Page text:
Why The U.S.-Taliban Agreement Validates Americans’ Sacrifices In Afghanistan

Why The U.S.-Taliban Agreement Validates Americans’ Sacrifices In Afghanistan

The Taliban only came to the table because of the sacrifices many brave Americans have made. In light of this and the fact that the U.S. objectives remain the same, our sacrifices were not in vain.
Alex Plitsas
By

After 19 years of bloodshed and conflict, the United States and the Taliban formalized an agreement Saturday to initiate the peaceful conclusion of America’s longest war.

I deployed to Afghanistan in 2012 as a defense civilian intelligence officer after serving in the Army in Iraq. I and many others saw the on-the-ground realities firsthand, and for the majority of us the prospect of peace is a welcome one.

The conflict has been at a stalemate for the better part of a decade with no military solution in sight. Some detractors of President Trump’s efforts to negotiate with the Taliban believe doing so undermines the sacrifices made by many American’s over the last two decades. They couldn’t be more wrong.

The U.S. mission in Afghanistan was clear from the beginning of the conflict: 1) Degrade or destroy al-Qaida so it no longer poses a threat to the United States and her allies, and 2) set the conditions for a democratically elected Afghan government to replace the recently deposed Taliban, who had refused to hand over Osama bin Laden and dismantle the terrorist networks operating within the country. However, that would all be easier said than done.

America’s Sacrifices in Afghanistan Were Not in Vain

While the United States and allied forces all but decimated al-Qaeda early on and quickly overthrew the Taliban, the U.S. invasion gave rise to a nationwide insurgency that has lasted almost 20 years. The U.S. and her North Atlantic Treaty Organization allies ended up in a protracted conflict with Taliban insurgents while trying to nation-build. Thousands of Americans were killed during that time, and many more were wounded.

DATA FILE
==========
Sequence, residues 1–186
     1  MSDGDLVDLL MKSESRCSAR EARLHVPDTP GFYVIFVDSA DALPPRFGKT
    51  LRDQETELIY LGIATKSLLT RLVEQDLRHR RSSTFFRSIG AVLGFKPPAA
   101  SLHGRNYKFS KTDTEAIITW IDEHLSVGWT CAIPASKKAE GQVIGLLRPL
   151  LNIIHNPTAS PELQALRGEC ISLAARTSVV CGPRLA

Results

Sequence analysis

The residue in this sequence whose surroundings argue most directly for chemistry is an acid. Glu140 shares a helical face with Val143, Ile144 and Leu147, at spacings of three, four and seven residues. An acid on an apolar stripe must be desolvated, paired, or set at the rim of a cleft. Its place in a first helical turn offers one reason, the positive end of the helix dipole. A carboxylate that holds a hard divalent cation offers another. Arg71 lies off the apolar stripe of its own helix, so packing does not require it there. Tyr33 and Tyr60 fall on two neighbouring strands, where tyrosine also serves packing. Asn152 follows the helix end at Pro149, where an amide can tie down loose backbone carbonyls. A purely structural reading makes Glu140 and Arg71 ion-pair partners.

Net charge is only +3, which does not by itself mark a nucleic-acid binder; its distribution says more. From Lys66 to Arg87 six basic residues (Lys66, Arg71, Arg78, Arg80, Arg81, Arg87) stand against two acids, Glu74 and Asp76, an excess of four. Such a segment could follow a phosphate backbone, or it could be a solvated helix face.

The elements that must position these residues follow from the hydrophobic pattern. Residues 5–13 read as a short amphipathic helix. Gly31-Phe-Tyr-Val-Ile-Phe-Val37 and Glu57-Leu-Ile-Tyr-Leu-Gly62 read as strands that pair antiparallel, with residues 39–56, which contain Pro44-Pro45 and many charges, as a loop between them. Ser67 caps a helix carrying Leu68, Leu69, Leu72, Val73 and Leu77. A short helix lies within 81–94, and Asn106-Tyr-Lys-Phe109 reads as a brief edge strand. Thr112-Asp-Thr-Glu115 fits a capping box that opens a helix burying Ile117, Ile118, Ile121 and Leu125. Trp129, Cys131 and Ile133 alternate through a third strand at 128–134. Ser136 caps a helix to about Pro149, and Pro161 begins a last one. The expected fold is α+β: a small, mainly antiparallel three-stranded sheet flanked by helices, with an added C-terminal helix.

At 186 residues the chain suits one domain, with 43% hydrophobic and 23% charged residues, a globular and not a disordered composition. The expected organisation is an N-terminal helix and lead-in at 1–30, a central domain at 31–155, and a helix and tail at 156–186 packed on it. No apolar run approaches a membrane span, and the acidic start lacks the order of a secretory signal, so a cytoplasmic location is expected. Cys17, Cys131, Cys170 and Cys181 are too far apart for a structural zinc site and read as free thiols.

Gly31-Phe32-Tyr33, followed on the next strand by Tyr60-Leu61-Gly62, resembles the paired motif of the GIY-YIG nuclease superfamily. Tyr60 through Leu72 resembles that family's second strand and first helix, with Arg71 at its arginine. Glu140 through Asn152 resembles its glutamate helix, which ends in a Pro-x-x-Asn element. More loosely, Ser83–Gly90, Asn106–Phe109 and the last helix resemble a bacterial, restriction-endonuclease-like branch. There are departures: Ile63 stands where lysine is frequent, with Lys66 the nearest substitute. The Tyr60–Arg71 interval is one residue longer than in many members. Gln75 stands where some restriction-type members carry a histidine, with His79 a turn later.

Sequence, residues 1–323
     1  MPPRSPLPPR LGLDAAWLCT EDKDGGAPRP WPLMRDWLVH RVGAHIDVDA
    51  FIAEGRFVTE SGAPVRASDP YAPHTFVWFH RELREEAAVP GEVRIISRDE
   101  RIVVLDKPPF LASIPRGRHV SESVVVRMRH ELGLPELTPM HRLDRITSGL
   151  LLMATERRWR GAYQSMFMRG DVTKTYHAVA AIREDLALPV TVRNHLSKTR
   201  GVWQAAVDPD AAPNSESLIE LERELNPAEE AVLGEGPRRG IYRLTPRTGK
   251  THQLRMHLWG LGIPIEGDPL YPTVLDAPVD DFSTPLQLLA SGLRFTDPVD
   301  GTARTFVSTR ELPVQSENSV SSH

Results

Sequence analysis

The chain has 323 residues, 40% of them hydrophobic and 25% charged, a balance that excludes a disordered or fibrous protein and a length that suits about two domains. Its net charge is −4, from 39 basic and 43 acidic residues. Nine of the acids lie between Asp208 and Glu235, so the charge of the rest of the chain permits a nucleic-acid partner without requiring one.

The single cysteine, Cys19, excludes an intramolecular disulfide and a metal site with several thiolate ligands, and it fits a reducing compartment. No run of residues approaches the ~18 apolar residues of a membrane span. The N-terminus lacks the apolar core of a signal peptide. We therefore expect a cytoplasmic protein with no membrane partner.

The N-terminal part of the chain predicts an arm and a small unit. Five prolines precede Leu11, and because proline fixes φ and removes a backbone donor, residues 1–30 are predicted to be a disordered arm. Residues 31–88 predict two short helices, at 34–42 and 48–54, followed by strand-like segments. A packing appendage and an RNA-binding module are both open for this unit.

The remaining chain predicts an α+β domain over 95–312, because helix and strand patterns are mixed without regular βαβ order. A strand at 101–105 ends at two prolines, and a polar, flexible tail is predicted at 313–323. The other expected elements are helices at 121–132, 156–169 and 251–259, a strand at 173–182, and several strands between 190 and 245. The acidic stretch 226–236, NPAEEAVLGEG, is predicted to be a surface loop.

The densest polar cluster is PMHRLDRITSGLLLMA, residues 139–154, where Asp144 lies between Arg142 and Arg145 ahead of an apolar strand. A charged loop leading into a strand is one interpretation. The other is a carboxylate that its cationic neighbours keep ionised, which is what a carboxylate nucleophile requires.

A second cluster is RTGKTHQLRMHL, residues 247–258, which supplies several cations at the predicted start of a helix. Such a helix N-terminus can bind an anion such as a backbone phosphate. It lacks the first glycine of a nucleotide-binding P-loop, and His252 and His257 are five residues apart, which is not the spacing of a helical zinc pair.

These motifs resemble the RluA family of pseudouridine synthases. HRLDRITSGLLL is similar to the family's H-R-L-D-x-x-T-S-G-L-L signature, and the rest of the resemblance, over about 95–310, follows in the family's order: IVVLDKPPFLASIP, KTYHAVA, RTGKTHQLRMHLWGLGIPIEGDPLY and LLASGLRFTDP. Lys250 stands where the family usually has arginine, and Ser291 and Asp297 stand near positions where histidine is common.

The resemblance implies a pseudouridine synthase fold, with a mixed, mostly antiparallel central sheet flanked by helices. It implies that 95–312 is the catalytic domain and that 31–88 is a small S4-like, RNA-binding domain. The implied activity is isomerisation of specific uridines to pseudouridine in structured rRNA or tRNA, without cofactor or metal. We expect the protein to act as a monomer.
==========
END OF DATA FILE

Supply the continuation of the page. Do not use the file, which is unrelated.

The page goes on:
To that end, the mission in Afghanistan hasn’t changed, and the negotiated political settlement in the agreement signed this past weekend outlines the same objectives as the U.S. mission. The agreement calls for a conditions-based U.S. withdrawal from Afghanistan designed to ensure that terrorist groups can’t use Afghanistan as an operations base, the Taliban are reintegrated into Afghan society and government, the Taliban ceases support and cooperation with terrorist organizations, and hostilities cease.

We must not forget the Taliban only came to the table because of the sacrifices many brave Americans have made. In light of this and the fact that the U.S. objectives remain the same, it is wrong to say our sacrifices were made in vain. Those who fought and those who died made lasting peace possible. The debt of gratitude we owe them can never be repaid. We must never forget that.